Explore key concepts and ideas related to sleep and rest and understand these terms. You’ll also learn some new ways of thinking about sleep. How would your habits change if you knew the meaning and significance of rest and sleep?
Sleep and rest are critical to overall well-being, high-energy living and overcoming health problems. Even the healthiest diet can be a heavy burden to the sleep-deprived organism. Even the healthiest exercise is an excessive demand on the body that is not rested. A multitude of conditions and influences determine the quantity and quality of sleep that you require and you get. You can improve your sleep, and by extension your health, by optimising your other life practices and circumstances.
Rest, relaxation and sleep are the conditions that enable the body to restore its nerve energy. During these times re-fuelling, re-building, and elimination are also optimised. The two main factors determining how much sleep is needed are its efficiency and how much nerve energy needs to be regenerated. While under-sleeping is the norm in most developed society, oversleeping is practically impossible for a healthy person. The prime objective accomplished through sleeping is the restoration of nerve energy. Exercise and physical activity, in general, improve sleep efficiency. Naps and rest breaks during the day improve health.
The body needs only rest and relaxation, while sleep is an exclusive need of the brain and nervous system, which need to re-generate nerve energy. Nerve energy is a low-level electricity that can be supplied even by electrodes attached to the head – electrosleep therapy reduces regular sleeping time to approximately 2 hours a night.
The need for sleep decreases with improvements in overall health, sleeping conditions, and reduction in toxicity. Overeating and the consumption of cooked foods, animal fare, stimulants, condiments, drugs, and other items that do not belong in a human body are enervating, thus increasing the need for sleep.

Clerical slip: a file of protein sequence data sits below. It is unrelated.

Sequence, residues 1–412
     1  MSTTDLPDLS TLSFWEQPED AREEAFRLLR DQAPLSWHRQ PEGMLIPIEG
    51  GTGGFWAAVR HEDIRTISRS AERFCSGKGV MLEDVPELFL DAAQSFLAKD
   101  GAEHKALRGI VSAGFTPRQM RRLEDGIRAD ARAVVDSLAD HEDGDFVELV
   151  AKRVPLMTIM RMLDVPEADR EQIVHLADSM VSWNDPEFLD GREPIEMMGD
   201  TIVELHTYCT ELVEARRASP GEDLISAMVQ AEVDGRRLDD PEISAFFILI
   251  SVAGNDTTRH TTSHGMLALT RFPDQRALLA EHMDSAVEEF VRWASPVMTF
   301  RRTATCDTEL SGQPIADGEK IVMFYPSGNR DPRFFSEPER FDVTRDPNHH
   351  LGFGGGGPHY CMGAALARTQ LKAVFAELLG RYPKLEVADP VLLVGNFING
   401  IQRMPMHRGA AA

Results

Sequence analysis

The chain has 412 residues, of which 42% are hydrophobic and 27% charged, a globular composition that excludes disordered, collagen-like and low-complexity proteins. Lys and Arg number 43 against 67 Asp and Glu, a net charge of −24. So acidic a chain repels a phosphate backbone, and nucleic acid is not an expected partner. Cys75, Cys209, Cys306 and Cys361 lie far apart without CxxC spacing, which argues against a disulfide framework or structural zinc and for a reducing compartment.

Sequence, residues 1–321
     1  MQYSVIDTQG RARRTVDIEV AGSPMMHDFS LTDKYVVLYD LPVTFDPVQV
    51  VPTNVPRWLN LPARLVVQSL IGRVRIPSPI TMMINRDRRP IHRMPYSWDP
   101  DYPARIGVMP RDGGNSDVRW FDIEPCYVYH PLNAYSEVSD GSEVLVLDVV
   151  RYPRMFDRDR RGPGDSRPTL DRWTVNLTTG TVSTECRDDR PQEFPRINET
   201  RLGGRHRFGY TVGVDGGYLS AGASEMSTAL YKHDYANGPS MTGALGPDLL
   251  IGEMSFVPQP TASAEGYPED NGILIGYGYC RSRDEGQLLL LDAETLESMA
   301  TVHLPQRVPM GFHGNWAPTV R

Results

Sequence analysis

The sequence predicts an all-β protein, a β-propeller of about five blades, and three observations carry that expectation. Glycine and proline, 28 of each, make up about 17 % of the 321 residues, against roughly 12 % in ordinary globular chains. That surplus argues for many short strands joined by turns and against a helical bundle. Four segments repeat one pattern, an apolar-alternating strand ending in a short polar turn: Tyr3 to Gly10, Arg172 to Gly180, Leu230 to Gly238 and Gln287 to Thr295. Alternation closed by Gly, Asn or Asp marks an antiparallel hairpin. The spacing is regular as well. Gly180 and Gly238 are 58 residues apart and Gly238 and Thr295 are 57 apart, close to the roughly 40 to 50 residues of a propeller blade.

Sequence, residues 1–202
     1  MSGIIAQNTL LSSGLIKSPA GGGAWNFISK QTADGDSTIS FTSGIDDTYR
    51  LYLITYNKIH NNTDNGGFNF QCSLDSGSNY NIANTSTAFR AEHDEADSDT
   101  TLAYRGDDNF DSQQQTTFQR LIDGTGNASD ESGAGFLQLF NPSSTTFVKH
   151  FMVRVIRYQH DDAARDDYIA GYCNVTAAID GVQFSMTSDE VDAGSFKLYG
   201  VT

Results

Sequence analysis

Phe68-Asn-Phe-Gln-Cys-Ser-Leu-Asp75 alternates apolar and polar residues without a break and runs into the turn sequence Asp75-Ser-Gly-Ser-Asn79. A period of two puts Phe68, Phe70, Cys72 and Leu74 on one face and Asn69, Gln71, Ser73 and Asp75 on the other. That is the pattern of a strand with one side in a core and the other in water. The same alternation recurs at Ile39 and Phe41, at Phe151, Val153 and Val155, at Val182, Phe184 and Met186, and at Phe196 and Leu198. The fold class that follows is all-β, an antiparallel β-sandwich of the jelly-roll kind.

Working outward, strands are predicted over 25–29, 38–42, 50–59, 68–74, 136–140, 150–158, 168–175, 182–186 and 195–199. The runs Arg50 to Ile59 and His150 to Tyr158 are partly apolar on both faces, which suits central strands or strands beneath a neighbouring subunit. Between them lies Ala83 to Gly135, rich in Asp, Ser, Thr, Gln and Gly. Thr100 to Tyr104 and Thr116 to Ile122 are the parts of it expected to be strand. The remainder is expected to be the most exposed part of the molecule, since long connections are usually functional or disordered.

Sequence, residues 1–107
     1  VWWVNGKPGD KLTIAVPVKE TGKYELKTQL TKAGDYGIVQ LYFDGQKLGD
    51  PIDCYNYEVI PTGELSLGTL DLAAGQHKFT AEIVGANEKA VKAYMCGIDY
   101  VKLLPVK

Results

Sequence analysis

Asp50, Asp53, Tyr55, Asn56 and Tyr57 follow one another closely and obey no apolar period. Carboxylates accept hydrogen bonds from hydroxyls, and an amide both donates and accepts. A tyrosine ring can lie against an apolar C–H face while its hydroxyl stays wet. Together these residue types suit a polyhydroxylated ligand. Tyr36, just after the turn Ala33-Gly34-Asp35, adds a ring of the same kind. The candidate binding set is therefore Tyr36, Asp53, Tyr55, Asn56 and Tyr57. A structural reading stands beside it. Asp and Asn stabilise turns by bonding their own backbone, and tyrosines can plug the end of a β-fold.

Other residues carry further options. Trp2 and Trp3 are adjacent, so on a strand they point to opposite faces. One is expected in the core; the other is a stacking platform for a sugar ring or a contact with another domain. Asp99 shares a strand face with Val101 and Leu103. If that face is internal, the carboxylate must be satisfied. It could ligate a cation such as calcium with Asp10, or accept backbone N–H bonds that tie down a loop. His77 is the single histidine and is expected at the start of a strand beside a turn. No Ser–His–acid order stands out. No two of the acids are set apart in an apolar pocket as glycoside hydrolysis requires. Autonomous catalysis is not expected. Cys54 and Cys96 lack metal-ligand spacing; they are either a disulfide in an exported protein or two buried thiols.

The role of dreams is to keep us asleep. They are brain creations in response to urges that would otherwise awaken us. They occur only when the body tends to wakefulness and not in a random, unrelated fashion.
Sleep problems arise from toxicity (internal or external) and sub-optimal sleeping conditions. The same interventions that correct health problems can effectively remedy sleep disturbances. So-called sleep-inducing drugs and/or supplements only further intoxicate producing coma, not sleep.
Sleep and rest are so natural and essential that you ‘indulge’ in them because the need overtakes us rather than because of some intellectual understanding of their significance. Although 1/3 of your life is dedicated to sleeping on average and even more when you add rest, the subject is in its infancy from a research and understanding perspective. In this, writing I’ll endeavour to enlighten and guide you to better understand and optimise your sleep.
Rest is a period during which the faculties can restore and recover expended energy by being inactive. Essentially, it is the temporary suspension of waste generation and energy expenditure. Some examples of rest include: